On a lighter note, when we get to 6 & 7 May I thin the result will be thereabouts where the polls were at the start of the campaign. Hence a CamCon maj of c10 seats. Reasons to be cheerful? Well the mori marginals poll must be an underlying worry to Lab and LD.

    Oh, and the latest weather charts are showing a much better day for voting – but that could easily change too.

    It may be the 8 pollsters will be about right after all. They didn’t get where they got to today by being wrong!

  16. @ Howard

    But if they mingle orange and blue, they will get……Brown!

  17. I cannot believe the LDs are still at 29. That shows amazing resistance to the onslaught – perhaps their pre-first debate 27 contained not as much froth as the Glegg surge of 3 to 7% added to 30-34% added. The bubble has been reduced since that high of 34, but not pricked – only reduced to a trajectory in might have had from the 27% showing, as if the first debate boost had never happened. Labour’s slight recovery is interesting. They are still being spun as doing poorly, but frankly, are they? It is still much too close to call.
    I thought Cameron handled Paxo rather well tonight. I expect the Conservative rating to improve this weekend – if it doesn’t, I have serious doubts that a majority Govt is in prospect for them.

  18. Neila A:
    Yes, that might well be valid. there is still so long to go….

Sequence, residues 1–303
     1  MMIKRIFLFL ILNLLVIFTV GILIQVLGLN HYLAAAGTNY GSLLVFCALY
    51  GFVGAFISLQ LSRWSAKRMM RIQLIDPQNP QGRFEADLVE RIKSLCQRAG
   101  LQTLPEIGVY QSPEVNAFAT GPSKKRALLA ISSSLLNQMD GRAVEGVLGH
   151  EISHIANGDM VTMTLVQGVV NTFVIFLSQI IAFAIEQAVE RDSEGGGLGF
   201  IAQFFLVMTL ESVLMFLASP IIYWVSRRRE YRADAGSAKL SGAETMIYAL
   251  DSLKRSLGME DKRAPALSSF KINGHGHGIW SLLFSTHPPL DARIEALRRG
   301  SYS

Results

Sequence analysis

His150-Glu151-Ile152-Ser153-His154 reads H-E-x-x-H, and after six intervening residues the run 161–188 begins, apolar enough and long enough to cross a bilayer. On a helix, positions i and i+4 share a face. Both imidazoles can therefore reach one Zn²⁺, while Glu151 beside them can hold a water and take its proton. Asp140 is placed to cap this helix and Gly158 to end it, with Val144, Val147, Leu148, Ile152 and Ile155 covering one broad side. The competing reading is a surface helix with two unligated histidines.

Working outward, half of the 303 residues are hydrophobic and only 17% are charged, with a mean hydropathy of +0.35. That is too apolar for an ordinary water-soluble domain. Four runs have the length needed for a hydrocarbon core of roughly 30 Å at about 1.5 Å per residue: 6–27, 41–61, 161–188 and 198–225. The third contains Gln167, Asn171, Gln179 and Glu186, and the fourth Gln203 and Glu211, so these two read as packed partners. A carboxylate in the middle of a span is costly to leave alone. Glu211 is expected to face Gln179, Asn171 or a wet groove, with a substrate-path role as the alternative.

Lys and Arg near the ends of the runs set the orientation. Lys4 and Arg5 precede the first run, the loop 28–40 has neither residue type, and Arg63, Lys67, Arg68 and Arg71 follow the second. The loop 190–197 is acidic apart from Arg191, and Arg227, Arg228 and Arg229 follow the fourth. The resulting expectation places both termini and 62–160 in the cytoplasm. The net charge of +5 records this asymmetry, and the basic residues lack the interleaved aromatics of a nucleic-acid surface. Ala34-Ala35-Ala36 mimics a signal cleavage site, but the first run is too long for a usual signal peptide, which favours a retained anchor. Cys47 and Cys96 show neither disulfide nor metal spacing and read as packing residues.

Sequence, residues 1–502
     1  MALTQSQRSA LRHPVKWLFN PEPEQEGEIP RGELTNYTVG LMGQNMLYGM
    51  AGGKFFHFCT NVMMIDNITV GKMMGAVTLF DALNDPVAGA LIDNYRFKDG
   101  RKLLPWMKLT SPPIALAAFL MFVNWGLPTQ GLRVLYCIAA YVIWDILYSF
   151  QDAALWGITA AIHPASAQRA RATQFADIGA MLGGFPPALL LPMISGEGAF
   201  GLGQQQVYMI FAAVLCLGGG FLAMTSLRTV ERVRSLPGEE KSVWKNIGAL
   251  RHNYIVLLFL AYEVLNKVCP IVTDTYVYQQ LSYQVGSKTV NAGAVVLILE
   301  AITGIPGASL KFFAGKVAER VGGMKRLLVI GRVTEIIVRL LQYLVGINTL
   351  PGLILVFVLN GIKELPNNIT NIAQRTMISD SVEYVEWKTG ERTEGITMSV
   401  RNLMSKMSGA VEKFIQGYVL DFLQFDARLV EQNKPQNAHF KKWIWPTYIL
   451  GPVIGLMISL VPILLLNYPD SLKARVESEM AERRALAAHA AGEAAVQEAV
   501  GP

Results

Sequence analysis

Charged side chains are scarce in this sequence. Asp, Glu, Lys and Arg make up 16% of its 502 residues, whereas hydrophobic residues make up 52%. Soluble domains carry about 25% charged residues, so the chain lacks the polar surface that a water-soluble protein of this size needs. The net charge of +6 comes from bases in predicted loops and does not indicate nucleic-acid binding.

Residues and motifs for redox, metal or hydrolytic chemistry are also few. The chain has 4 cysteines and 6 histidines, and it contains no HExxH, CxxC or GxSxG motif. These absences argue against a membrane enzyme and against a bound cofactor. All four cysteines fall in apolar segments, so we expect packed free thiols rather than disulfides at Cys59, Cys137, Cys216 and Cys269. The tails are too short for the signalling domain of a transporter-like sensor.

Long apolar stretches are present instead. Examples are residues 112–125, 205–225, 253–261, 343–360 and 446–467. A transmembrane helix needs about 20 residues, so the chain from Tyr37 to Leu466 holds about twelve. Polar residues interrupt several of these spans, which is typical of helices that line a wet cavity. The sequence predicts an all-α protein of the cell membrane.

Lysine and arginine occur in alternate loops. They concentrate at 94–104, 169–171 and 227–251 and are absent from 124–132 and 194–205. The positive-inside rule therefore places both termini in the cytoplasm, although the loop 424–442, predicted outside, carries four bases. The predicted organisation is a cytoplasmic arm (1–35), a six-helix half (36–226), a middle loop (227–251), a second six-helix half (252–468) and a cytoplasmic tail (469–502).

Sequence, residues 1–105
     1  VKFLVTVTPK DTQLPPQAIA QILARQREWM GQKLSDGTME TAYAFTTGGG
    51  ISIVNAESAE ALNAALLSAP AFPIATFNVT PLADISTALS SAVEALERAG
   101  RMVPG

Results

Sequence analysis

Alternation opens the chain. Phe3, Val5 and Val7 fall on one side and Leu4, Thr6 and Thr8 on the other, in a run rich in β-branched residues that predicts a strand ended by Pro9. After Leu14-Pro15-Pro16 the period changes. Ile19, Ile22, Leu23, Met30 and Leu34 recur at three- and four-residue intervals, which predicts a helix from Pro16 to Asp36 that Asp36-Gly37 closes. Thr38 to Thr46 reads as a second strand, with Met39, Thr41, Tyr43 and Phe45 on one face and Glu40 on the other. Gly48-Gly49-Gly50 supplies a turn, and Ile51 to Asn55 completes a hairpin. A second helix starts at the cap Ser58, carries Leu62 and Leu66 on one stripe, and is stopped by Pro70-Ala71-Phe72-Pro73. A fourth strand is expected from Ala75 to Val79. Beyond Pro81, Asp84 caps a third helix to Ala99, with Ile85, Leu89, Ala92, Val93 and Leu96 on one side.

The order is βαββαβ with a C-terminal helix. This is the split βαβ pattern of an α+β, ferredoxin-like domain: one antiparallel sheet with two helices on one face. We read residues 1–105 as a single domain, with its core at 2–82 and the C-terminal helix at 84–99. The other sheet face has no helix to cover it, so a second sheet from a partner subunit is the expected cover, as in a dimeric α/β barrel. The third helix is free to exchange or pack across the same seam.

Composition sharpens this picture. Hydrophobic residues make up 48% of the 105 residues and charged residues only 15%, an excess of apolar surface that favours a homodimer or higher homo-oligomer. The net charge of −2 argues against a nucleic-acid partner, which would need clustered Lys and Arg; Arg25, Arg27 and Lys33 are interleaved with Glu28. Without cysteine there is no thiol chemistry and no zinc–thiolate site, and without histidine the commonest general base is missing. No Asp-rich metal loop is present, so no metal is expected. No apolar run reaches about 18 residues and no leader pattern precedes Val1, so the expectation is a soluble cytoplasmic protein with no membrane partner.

19. @ Rosie P

    Why? How does that work?

  20. @ RICHARD O

    “Despite a difficult 2 years, splitting up with fiancee, moving house, and bringing up my young daughter half the time whilst working full time, I will hopefully wake up smiling, whatever the result!

    I’m sure you will Richard with a positive outlook like that.

    Very best of luck to you & your daughter.

  21. @Pam F,

    I think Labour would probably need to close the gap by a further 3% and hit at least 34/35% to get a majority. Possible, especially as the Lib Dem vote could fall further IMO.

  22. @Neil A
    I said something similar a while ago, when Simon Heffer laid into DC for only being 5% ahead. I said something along the lines of “he’s 5% ahead, not 10% behind!”
    If we genuinely do have proper three party politics now (and I sure hope the LD improvement IS permanent) a 5% lead is more than reasonable.
    I do though think much of the disdain of single digit leads comes from the Tory Right, who never did like Cameron and his Notting Hill Set chums, and would prefer to see Brown win.

  23. @ Robert C

    The ipsos mori indicates a 5% Lab to Con swing – that’s without the effect of any Lab to Ld. At the MoE the 7% (or thereabouts) the Cons need is well within reach.

    We all started this mission (campaign) with a reasoned view that things wouldn’t change much in the course of the campaign. So apart from the blip of LD surge (from previous DKs?) the outcome will not vary much from starting point.

  24. @Howard

    “Orange Booker’s” – what do you mean Howard….that’s a really funny name for old-fashioned Liberal Nationals like me!!!! I am sure we can think of a better name. I hate what the press have done to Clegg and agree with his new politics agenda, but I like much of Cameron’s message too.

  25. @Richard

    Completely support Colin’s sentiments – i’ve similar up’s and down’s over a short space of time and have come through it and hope you are starting to get through it also.

  26. Early as 13 days away from election day early?